SE: Again there are allegations that the map in the plan was drawn up by the Greek General Staff, keeping in mind a possible attack on the North. Now, you being one of the architects of the plan, could there be any truth in that Mr. Pfirter?
DP: Nothing could be further from the truth. There have never been any contacts on the map, or on any other issue for that matter, with the Greek General Staff, with any military authority on either side or indeed any Greek authorities. As I have already said, the provision which prevents Greek troops from being stationed in areas of territorial adjustment, makes the map largely irrelevant from a strategic point of view because the Greek troops will have to stay on the other side of what is currently the buffer zone, no matter how the line is drawn up. The line was purely drawn up on the basis of population figures in 1974, 1960 and the current population with an aim of allowing as large as possible number of Greek Cypriots to return under Greek Cypriot administration while affecting the lowest possible number of Turkish Cypriots. And for instance if you refer to the villages that are to the Northeast of Guzelyurt, Camlibel and that area up there, those are villages which are now very sparsely populated. The 1960 population was twice as large of the current population and some of these villages, the Maronite villages are empty. It was our assessment that it hurts the Turkish Cypriots much less to give those villages back then to give villages back, let’s say like Yenibogazici, or Mormenekse, Tuzla which have been settled, where people have renovated houses, built new houses etc. where they have really taken roots in large numbers. And that’s why the line was drawn in this way and not in another way.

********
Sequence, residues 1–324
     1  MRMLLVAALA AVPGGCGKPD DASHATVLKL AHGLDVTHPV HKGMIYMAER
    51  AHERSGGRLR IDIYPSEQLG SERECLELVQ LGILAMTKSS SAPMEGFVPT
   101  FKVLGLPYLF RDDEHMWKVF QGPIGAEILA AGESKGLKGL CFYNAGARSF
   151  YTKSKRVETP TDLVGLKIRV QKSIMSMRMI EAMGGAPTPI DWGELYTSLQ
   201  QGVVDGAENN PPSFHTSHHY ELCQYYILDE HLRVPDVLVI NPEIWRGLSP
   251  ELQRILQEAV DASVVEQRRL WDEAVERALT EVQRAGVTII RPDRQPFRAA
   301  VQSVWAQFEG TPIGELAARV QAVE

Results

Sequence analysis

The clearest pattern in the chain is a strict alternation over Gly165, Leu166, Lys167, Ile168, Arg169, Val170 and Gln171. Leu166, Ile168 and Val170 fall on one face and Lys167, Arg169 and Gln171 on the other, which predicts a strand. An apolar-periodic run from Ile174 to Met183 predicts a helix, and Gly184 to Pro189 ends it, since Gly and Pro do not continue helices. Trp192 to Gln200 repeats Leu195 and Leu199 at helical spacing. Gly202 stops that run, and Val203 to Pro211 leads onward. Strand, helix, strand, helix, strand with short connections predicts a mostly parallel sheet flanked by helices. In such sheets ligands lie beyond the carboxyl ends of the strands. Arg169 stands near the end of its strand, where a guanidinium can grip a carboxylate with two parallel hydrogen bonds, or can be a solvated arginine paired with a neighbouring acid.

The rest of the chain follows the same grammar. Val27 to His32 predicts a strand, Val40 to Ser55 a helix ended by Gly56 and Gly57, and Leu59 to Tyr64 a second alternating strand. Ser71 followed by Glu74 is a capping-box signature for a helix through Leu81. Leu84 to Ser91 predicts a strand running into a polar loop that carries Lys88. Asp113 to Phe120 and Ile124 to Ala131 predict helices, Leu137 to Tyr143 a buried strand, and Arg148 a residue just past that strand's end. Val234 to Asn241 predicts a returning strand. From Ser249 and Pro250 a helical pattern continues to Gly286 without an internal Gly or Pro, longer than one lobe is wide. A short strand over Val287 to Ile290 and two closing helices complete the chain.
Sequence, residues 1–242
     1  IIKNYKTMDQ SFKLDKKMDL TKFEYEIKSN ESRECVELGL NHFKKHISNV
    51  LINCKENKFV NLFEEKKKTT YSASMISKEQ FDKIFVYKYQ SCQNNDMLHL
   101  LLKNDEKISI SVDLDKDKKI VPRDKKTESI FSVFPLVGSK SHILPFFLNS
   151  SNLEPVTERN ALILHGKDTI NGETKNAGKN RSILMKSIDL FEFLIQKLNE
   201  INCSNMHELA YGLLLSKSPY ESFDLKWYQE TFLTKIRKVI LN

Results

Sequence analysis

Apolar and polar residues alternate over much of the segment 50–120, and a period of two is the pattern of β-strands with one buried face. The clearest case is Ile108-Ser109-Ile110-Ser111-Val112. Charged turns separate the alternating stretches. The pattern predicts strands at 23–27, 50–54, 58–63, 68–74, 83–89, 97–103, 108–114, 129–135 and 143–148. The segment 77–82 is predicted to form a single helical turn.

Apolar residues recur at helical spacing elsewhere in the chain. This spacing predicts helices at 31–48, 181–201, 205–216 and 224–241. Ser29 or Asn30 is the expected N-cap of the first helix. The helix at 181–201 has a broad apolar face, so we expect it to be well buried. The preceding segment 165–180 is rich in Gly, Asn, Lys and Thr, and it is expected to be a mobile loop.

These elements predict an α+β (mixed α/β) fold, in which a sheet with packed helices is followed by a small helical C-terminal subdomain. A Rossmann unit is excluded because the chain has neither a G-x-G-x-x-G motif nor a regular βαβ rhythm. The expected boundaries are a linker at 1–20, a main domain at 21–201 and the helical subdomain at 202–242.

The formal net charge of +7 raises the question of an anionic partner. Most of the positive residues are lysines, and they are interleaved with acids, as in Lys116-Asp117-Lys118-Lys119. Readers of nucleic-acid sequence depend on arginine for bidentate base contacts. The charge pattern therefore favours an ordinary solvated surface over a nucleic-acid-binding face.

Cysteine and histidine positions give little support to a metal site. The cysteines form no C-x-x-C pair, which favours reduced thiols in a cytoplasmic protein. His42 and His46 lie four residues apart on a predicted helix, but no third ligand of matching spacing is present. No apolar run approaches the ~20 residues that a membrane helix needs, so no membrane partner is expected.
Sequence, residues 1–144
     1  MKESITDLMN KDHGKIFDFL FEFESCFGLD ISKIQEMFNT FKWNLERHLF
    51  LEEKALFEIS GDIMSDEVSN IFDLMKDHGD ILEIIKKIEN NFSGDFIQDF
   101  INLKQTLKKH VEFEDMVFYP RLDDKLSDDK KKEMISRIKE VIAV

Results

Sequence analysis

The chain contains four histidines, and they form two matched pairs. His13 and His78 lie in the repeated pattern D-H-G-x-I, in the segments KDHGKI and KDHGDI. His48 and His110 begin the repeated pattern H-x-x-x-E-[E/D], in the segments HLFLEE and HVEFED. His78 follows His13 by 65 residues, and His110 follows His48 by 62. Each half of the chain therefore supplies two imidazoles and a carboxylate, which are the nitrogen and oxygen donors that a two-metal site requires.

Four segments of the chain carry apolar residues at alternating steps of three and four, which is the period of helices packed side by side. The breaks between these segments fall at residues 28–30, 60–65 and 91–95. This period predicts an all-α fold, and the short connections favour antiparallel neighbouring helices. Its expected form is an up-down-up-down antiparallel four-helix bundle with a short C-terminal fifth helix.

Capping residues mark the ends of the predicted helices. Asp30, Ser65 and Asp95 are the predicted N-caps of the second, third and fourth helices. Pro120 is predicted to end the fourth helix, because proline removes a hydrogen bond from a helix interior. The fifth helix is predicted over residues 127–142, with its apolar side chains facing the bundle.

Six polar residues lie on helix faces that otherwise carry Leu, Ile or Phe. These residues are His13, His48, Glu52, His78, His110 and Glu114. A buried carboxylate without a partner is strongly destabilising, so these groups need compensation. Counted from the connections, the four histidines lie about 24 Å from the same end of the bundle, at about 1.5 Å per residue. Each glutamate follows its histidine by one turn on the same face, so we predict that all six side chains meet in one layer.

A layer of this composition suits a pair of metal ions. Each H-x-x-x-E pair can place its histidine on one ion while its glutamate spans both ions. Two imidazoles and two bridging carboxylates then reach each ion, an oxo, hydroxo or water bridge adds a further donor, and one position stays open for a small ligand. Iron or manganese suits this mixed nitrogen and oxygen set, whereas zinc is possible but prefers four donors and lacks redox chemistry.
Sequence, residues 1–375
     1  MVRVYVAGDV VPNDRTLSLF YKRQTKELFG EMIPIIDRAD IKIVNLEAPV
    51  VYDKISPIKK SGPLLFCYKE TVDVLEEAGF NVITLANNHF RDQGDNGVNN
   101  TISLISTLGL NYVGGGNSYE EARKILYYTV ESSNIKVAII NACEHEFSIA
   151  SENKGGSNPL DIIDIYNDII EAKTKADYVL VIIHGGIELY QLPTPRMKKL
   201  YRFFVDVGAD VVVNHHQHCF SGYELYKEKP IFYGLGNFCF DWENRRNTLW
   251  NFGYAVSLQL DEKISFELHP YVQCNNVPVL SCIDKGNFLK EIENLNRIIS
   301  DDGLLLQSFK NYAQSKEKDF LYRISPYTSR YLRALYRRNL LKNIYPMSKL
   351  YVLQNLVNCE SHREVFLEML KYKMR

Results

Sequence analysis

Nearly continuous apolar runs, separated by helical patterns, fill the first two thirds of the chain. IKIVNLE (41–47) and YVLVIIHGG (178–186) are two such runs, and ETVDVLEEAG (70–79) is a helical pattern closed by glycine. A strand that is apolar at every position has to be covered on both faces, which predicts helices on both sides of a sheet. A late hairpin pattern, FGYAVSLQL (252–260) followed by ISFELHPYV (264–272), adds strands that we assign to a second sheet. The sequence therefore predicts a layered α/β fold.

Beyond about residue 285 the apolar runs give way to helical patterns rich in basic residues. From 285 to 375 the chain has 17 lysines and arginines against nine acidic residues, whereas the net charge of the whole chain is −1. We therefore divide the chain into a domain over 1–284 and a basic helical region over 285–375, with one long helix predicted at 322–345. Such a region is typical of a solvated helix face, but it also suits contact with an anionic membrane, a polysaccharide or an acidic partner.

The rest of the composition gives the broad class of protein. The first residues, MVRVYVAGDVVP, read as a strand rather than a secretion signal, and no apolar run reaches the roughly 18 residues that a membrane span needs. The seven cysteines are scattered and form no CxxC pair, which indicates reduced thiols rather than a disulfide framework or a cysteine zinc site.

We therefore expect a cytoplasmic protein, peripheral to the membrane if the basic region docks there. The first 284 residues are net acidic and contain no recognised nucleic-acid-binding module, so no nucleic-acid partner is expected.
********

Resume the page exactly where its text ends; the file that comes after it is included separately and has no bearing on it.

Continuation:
SE: How will the plan affect the people who came to North Cyprus from Turkey and settled here?
DP: Anybody who is married to a Cypriot will automatically get citizenship. A further 45,000 people will get citizenship in a certain order of priority, and we expect that anyone who has grown up in Cyprus are the first priority category in that. Or those who stayed here for a long time should be covered by that number. Another roughly 15,000 people, it will be 10% of the Turkish Cypriot population, will get permanent residency and they will be able to obtain citizenship after some more years, depending on how long they have already stayed in Cyprus. Students and Academic Staff will be allowed to stay in Cyprus in unlimited numbers. Anybody who chooses to return to Turkey would get substantial assistance of no less than 10,000 Euros for a family of four. That figure could be higher, it depends on what may be offered, but it wouldn’t be less.